Comments on Culture

In the news | October 30, 2009

This is probably the most sociologically-leaning piece I’ll post here.

Last weekend in Richmond, CA a 15 year old girl was gang raped after a homecoming dance by around 10 teenage and adult men. A larger crowd of onlookers formed. They watched it, allowed it, encouraged it, recorded it, and made cell phone calls inviting others to come see it. The rape lasted over 2 hours. The victim was abandoned in critical condition.

Stories like this remind me that women in the U.S. are still very much a social minority, subject to abuse for their status. There isn’t necessarily anything inherent about the male sex that makes this so; it is our culture that fosters this type of behavior. The onlookers’ actions and inactions drive home the social implications of this crime. In light of cases like this, one cannot argue that violence against women results only from a very small group of disturbed mens’ actions. It’s a much larger and more complicated issue than simple perversion or psychopathy. A combination of cultural rhetoric and individual behavior allows such abuse.

The news story states that the community is shocked because they don’t feel it’s representative of them. But it is. Violence against women and gang violence reflect our cultural reality, just as hate crimes do. Historians and anthropologists alike will attest that a people’s violence–particularly ritualized or ceremonial violence–does in fact reflect culture, to some degree at least.

It could be argued that this story has more to do with gang violence than violence against women. However, violence against women is too common a problem in America for this to be limited to just one subculture. And, gang culture cannot be dismissed as a mere pocket in which bad things happen anomalously to the rest of America. It has been part of our cultural identity for longer than most of us care to admit.

Through both personal behavior and popular media, gang culture, including denigration of women, is increasingly becoming a louder voice in our national identity. Behavior such as overt crime broadcasts that women are targets; they are subject to abuse because of their gender. That message will be internalized in profound ways. Some will process it through art. Subsequently, the cycle of art imitating life imitating art will create representation: extreme violence accompanied by hyper-sexualization of women (such as your average trailer for an action movie or “street” movie), and hip-hop songs that reduce women to “nothing but bitches and hos”. Thus, the combination of violent behavior and pop culture normalize the abuse and disparagement of women in America.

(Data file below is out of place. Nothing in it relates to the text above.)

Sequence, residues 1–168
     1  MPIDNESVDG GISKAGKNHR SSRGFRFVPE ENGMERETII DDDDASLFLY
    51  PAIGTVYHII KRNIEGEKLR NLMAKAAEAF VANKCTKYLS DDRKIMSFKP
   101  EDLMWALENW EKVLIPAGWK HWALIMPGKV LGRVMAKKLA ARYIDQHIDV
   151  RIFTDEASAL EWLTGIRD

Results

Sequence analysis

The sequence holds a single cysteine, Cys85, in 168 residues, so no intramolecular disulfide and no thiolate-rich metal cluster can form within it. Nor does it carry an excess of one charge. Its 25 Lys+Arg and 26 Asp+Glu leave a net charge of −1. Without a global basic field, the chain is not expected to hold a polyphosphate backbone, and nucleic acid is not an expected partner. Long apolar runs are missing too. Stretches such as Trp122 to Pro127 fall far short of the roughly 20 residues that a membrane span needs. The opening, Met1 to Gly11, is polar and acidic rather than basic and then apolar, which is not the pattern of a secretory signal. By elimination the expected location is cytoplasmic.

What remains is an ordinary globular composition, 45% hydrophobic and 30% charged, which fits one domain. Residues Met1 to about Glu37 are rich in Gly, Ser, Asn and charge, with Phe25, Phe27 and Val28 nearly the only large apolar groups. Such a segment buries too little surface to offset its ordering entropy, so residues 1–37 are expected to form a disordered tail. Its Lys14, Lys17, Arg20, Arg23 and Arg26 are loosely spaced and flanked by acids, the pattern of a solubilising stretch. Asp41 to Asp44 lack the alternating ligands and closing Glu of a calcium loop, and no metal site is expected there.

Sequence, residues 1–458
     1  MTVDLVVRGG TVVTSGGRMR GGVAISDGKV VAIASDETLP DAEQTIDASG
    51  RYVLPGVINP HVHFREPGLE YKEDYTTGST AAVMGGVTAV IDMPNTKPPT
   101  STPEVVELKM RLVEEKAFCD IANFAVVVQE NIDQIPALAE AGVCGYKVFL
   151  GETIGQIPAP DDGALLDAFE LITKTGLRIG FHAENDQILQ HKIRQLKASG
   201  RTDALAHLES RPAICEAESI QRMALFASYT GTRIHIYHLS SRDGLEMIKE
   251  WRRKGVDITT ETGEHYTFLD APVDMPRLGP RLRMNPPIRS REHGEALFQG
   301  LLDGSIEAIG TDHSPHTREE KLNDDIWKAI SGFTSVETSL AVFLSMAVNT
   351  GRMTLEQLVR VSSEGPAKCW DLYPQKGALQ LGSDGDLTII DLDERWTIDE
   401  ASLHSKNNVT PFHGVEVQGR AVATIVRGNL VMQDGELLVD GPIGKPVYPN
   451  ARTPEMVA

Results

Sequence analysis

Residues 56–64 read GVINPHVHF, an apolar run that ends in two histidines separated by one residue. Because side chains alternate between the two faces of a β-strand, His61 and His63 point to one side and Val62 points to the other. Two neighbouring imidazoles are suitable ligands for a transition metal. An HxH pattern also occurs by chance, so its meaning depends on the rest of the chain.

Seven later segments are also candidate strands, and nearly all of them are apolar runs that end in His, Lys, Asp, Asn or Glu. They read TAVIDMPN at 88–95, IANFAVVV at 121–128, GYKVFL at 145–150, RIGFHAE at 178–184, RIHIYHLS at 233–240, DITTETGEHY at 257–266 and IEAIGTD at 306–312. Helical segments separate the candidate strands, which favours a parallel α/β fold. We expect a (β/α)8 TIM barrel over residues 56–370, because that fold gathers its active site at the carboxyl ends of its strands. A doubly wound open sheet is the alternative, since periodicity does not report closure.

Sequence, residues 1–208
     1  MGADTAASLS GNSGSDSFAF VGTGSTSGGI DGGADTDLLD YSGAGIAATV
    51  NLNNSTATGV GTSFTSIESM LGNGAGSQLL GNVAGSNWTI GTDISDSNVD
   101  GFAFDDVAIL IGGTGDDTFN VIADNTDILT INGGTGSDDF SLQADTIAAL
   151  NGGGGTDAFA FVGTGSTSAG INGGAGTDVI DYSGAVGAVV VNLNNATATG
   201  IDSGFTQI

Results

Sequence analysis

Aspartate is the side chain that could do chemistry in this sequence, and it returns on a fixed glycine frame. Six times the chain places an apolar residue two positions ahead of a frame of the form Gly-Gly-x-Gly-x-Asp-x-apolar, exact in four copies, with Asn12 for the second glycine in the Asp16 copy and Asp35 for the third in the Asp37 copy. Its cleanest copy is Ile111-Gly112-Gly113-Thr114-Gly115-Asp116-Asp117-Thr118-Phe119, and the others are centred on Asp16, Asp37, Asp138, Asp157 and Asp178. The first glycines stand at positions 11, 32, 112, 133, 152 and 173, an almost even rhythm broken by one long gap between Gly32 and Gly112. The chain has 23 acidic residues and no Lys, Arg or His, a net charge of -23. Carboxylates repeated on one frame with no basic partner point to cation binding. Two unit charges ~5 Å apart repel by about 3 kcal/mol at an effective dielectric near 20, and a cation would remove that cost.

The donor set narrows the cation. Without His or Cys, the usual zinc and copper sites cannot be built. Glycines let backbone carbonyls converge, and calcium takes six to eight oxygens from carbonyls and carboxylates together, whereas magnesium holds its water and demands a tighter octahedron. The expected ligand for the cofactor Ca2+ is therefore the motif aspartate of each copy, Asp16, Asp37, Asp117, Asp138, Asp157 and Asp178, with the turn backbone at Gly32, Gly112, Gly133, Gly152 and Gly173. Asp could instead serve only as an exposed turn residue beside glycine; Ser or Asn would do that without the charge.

A final voice in our national dialogue related to gender is one of moral superiority held by the U.S. over the countries we target. Our moral outrage over girls not being allowed into Afghan schools reiterates the American fable of equal opportunity and personal freedom for all, regardless of ethnicity or gender. This critical piece of our national identity is belied by the commonplace brutality against women that this country witnesses every day as a result of social inequality. One. In. Four.

Here is the radio story that inspired this: Number of arrests growing in California

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2 Comments »

  1. Violence against women seems to hide in plain sight. It’s almost as if society is horrified by each individual rape and assault but doesn’t recognize the whole that all the incidents combine to form. Both in America and around the world, violence against women is an epidemic, and I’m glad that you are pointing it out.

    Comment by jacobpedia — October 30, 2009 @ 2:35 pm

  2. I absolutely agree. The violence we see against women is a direct result of the way our culture sees women. As less than and for the pleasure of men. Women are depicted in the media in ways that allow people to view them as objects, non-human, void of worth. And then the people who internalize these depictions have little trouble with using said object to their pleasure. Well put.

    Comment by breedermama — November 6, 2009 @ 9:50 pm


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